3 produced much more quickly and cheaply. Soon, printers appeared in many other cities. Scholars had access to ideas more rapidly. Also, more people were inspired to learn to read, which further spread the ideas of the Renaissance. PHILOSOPHERS AND WRITERS Northern philosophers such as Desiderius Erasmus combined humanism with Christian ideas to create Christian humanism. Erasmus encouraged a pure and simple Christian life, stripped of politics and ritual. He also stressed the important of educating children. His writings added to the growing discontent with the Catholic Church. Humanism was also introduced in England. One English humanist was Sir Thomas More. He wrote the famous book Utopia, which described a perfect but nonexistent society based on reason. His book also criticized the real society and government of the time. We still call an ideal society a utopia. The greatest English writer of the Renaissance was the playwright and poet William Shakespeare. Shakespeare was inspired by ancient Greek and Roman writers as well as more recent authors. Shakespeare s works displayed complex human emotions and a deep understanding of language. His use of language and choice of themes, however, made his plays appeal even to uneducated people. Through his plays, Shakespeare helped spread the ideas of the Renaissance to a mass audience. His dramatic plays were a shift from the religious morality plays that had become popular during the Middle Ages. By the time of his death in 1616, London was the scene of a thriving theater district. Christine de Pisan, an Italian-born woman who grew up in France, focused her writings on the role of women in society. A poet, biographer, and moralist, she encouraged education and equality for women, and was greatly admired even in her own time. ARTISTS German artist Albrecht Dürer (DOOR-uhr) visited Italy in the late 1400s. There, he learned the techniques of realism and perspective. After returning to Germany, he influenced many German Renaissance painters with this new style. His work also had some features that were unique to the northern Renaissance. For example, like many northern European painters he used oil paints. This allowed a great deal of detail to be added to paintings, such as the texture of fabric, or the tiny image of objects reflected in a mirror. In the area of the Netherlands known as Flanders, painters developed a unique style known as the Flemish School. This style was perfected by painter Jan van Eyck. His work often showed landscapes or everyday domestic scenes. Van Eyck paintings contained symbolism such as a ray of light to stand for God s presence. In the 1500s Flemish artist Pieter Brughel (BROYguhl) the Elder used Italian techniques. But he also painted scenes of everyday life, very different from the mythological scenes of Italian paintings.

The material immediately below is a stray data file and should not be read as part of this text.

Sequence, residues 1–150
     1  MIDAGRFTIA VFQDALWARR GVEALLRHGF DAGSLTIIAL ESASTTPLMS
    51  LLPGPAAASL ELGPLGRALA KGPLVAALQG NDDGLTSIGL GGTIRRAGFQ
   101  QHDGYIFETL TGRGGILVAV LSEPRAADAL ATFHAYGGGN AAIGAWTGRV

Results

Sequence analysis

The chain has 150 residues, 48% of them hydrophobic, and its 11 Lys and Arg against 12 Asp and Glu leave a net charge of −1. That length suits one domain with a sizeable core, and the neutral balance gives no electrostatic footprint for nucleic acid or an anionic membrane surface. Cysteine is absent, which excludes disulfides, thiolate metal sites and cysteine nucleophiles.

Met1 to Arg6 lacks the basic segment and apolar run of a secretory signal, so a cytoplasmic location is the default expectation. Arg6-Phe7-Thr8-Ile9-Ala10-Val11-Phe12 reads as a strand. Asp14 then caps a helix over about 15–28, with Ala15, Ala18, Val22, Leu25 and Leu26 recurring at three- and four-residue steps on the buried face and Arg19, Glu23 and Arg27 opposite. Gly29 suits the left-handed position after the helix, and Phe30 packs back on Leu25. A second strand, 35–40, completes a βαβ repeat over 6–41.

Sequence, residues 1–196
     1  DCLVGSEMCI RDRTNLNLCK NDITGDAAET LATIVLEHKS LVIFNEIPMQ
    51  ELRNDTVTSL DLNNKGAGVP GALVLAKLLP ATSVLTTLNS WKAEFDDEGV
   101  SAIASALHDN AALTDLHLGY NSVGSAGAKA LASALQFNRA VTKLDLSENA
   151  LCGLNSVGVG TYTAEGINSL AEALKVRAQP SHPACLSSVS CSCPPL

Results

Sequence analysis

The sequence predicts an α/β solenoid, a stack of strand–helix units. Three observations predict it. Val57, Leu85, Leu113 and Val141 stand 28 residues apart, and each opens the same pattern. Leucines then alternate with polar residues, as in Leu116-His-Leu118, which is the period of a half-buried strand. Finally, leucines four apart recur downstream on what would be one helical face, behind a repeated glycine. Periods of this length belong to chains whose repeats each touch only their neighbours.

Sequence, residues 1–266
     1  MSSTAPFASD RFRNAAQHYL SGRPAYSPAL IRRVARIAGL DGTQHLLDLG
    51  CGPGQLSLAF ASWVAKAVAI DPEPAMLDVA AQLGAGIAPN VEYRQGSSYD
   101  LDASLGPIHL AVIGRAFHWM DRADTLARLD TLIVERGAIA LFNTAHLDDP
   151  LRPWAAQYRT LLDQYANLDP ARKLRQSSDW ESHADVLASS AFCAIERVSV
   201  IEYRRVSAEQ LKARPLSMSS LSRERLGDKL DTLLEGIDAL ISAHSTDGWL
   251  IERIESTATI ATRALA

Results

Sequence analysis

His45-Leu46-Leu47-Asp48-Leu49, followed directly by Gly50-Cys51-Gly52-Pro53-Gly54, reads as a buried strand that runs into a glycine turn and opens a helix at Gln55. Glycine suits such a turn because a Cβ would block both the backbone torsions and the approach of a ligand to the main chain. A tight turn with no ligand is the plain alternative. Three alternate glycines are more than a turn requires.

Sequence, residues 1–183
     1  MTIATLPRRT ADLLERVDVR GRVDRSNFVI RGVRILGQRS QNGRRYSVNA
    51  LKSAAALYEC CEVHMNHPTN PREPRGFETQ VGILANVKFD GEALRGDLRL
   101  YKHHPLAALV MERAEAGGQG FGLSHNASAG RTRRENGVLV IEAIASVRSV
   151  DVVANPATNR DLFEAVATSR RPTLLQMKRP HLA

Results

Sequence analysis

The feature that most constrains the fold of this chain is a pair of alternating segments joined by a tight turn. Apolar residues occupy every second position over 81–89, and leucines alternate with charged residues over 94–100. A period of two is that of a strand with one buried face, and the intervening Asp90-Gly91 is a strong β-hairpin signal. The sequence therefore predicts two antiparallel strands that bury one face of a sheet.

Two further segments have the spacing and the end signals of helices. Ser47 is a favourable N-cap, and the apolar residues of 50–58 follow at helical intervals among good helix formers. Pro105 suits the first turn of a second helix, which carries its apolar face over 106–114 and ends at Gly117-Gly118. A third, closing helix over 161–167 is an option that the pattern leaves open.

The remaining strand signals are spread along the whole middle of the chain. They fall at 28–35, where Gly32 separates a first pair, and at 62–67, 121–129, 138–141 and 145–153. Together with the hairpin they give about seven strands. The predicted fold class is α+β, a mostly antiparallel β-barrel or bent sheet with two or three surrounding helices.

4 Section 3: The Protestant Reformation CATHOLICISM IN THE 1400S By the early 1500s the Protestant Reformation had started. This was a movement against financial corruption, abuse of power, and immorality in the Catholic Church. At the time, the church made a practice of selling indulgences to help raise money. Indulgences were pardons issued by the pope to reduce the time a soul spent in purgatory. Also, people began to feel loyalty to their nation was more important than loyalty to the church. Two early challengers of the church were John Wycliffe and Jan Hus. Wycliffe believed that the church should give up its earthly possessions. Hus preached against the immorality and worldliness of the church. Wycliffe lost his teaching job, and Hus was condemned to death for heresy. But their views helped lead to reform. MARTIN LUTHER In 1517 German monk Martin Luther nailed his criticisms of the church to the door of a church in Wittenberg. He condemned the sale of indulgences, which he did not believe had any power to forgive sin. He also criticized the pope s power and the church s wealth. His writings were published and widely read and discussed. Luther believed that faith only, not good works, get someone into heaven, and that Jesus, not the pope, is the only head of the church. He also translated the Bible into German so that people could interpret it for themselves. In 1521 Luther was called before Emperor Charles V. Luther refused to change his opinions, so Charles declared the Edict of Worms, condemning Luther s writings. But Luther s ideas continued to spread. By 1530, Lutheranism was a branch of Christianity. When Charles tried to suppress Lutherans, princes in his own parliament who were Lutherans issued a protest. This is where the term Protestant comes from. THE SPREAD OF PROTESTANTISM New Protestant leaders arose. Ulrich Zwingli founded a church in Switzerland which had theocracy at its base. This means that church and state are joined and leaders are believed to be inspired by God. Many, including Luther, opposed Zwingli. The Catholic Church went to war against this group. John Calvin was a humanist and supporter of Luther s reforms. He is known for preaching the doctrine of predestination. This is the belief that God already knows who will be saved, and nothing can change their fate. Calvinism became popular throughout northern Europe. Switzerland became a theocracy under Calvin s leadership. Attending church was required, and there were laws against feasting, dancing, and singing. John Knox spread Calvinism in Scotland. Eventually his Reformed Church replaced the Roman Catholic Church there. Another group, called Anabaptists, further divided from other Protestants in their belief that adults should be rebaptised.